A little-known California law has dealt a blow to nearly half of the for-profit college campuses in the state, barring them from offering students a coveted Cal Grant this year.
The law cracks down for the first time on schools with high student loan default rates, meaning graduates aren't paying back the money they owe even three years after leaving school.
"It's a sign that the institution did not prepare them for a job so they could repay their loan," said Robert Shireman, who, as deputy undersecretary of education in the Obama administration, oversaw reforms in student lending.
Now, California is tying participation in the Cal Grant program to colleges' three-year student loan default rates.
No public campuses are affected by the law, SB70, because none has the toxic combination of a high percentage of borrowers where at least 1 in 4 defaults.
But 40 percent of California's "private career colleges" do. Of 165 such campuses in this state, 67 have three-year default rates of at least 24.6 percent, the legal cutoff.
They include some or all campuses of popular colleges: Everest, Carrington (formerly Western Career College), Kaplan, ITT Technical Institute, WyoTech, Heald and more.
"I'm mad. This pretty much ruined my credit," said Rigo Herrera, who owes $37,000 on a $27,000 federal loan he took out for a pre-nursing program at Everest College in Alhambra (Los Angeles County). He graduated from the 12-month program in 2008 but said he didn't learn enough to pass the license test and get a job.
"If they're getting punished, that makes me happy," said Herrera, who is in default.
The new law is supposed to punish such schools by depriving them of students who get Cal Grants.
"It's about getting their house in order, aiming them away from overaggressive promises they can't keep," Shireman said.
Students at for-profit colleges get about $4,000 to $10,000 in state aid on average, depending on the type of grant. When SB70 took effect this fall, about 4,900 students applying to for-profit colleges suddenly became ineligible or were offered a partial grant if they were already enrolled, according to the California Student Aid Commission.
The commission doesn't know what happened to most students at the affected schools but says at least 597 switched schools or withdrew.
Borrowers in default
One company, Corinthian Colleges, owns more than one-fourth of the schools booted from the Cal Grant program.
All 14 of its Everest Colleges – including those in San Francisco, Hayward and San Jose – were barred. Depending on the campus, 30 to 45 percent of borrowers are in default. Not everyone at Everest applies for a Cal Grant, mainly because some programs last just 10 months. But about 320 students were eligible to receive a total of $756,000 last year.
Corinthian also owns nine Heald Colleges. Those in Fresno and Stockton had default rates high enough to cost them their Cal Grants. More than 1,300 students at the two campuses were eligible to receive $6.2 million last year.
Corinthian's WyoTech campuses in Fremont and Long Beach were also kicked out of Cal Grants.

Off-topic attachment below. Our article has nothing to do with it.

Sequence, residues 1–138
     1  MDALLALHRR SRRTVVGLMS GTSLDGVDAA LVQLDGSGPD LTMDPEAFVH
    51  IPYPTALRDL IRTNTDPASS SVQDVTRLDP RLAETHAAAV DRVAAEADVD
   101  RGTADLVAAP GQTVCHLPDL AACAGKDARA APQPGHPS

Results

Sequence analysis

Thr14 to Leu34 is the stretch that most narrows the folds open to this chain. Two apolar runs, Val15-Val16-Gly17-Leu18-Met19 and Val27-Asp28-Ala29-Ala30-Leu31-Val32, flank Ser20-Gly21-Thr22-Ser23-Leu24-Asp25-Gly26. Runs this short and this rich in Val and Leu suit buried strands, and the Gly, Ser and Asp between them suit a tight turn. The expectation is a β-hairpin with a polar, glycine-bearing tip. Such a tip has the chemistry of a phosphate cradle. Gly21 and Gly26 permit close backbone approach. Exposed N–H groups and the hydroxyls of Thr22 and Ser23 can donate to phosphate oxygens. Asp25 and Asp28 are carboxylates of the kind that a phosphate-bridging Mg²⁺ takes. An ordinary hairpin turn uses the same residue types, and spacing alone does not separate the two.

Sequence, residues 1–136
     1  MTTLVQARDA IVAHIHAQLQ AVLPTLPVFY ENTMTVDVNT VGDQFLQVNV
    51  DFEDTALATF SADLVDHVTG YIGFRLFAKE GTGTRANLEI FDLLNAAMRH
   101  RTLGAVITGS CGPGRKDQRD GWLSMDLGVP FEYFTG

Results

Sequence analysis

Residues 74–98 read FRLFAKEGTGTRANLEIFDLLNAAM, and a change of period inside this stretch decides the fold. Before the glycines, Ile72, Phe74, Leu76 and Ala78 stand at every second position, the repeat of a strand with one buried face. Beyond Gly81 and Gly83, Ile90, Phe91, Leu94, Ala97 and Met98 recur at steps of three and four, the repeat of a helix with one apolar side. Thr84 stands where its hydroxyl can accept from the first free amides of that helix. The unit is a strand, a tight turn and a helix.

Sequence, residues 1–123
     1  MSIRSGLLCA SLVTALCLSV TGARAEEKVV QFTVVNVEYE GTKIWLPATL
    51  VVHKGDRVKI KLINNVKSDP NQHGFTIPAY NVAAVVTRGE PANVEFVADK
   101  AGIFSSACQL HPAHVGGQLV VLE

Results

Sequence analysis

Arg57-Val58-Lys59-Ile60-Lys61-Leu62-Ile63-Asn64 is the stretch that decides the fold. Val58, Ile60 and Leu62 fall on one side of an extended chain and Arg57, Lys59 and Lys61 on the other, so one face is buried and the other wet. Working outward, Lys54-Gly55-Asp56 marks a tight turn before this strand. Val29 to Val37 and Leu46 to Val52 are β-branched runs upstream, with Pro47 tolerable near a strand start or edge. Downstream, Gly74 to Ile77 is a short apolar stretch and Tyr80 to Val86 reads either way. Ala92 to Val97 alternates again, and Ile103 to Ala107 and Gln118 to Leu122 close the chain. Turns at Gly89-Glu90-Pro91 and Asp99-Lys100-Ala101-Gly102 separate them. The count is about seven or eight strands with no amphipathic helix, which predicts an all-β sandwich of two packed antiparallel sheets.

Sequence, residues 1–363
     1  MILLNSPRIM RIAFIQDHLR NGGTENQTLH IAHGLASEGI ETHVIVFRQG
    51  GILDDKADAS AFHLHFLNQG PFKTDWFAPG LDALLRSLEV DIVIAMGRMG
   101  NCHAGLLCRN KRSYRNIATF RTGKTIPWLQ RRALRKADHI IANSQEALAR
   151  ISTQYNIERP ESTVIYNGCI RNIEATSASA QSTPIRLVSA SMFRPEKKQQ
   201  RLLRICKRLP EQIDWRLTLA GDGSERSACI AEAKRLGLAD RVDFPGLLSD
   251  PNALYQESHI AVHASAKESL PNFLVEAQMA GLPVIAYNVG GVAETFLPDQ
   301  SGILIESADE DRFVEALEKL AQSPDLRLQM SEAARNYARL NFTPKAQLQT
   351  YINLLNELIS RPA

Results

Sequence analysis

There, 122 students were eligible to receive $186,000 in state aid last year.
Company spokesman Kent Jenkins downplayed the Cal Grant loss, calling its impact muted.
"At the same time, we recognized that Corinthian's default prevention programs were not adequate," he said.
So the company "invested tens of millions of dollars" to reduce default rates, Jenkins said. It bought technology to keep track of graduates and hired staff to better communicate with students about their financial obligations.
Another school that lost access to Cal Grants is tiny Empire College in Santa Rosa, perhaps the polar opposite of Corinthian. Privately owned, it has offered classes in business and law for more than 50 years.
College officials were alarmed at being on the roster of bad-behaving schools.
"I don't want a default rate like that," said Empire President Roy Hurd, who hired a financial services company to help the school lower its default rate by communicating more with students.
Three campuses that lost access to Cal Grants are owned by ITT Educational Services, in which University of California Regent Dick Blum is an investor. His firm, Blum Capital Partners, invested almost $239 million as of September.
Rather than try to reduce their default rates, however, ITT officials say they will ask the U.S. Department of Education to simply recalculate them.
For-profits aren't the only schools to lose access to Cal Grants. Nine nonprofit private colleges also lost them, including Patten University, a Christian school in Oakland.
The law may ease up in July, when the cutoff default rate is supposed to rise from 24.6 percent to 30 percent.
Gov. Jerry Brown has proposed keeping the tougher rate, a matter for state lawmakers to decide.
In a belt-tightening maneuver, Brown also wants to reduce Cal Grant awards for private education and make it harder for students to qualify for some awards by raising the grade-point average needed to qualify. At the Institute for College Access & Success in Oakland, which focuses on student debt issues, analyst Debbie Cochrane says the state should continue holding colleges to the tougher standard.
"It would be perverse to allow the requirements for colleges to get weaker while proposing the requirements for students become more stringent," she said.
Cal Grants and the law
For more on SB70 and schools affected by the law, see links.sfgate.com/ZLGZ and links.sfgate.com/ZLGY.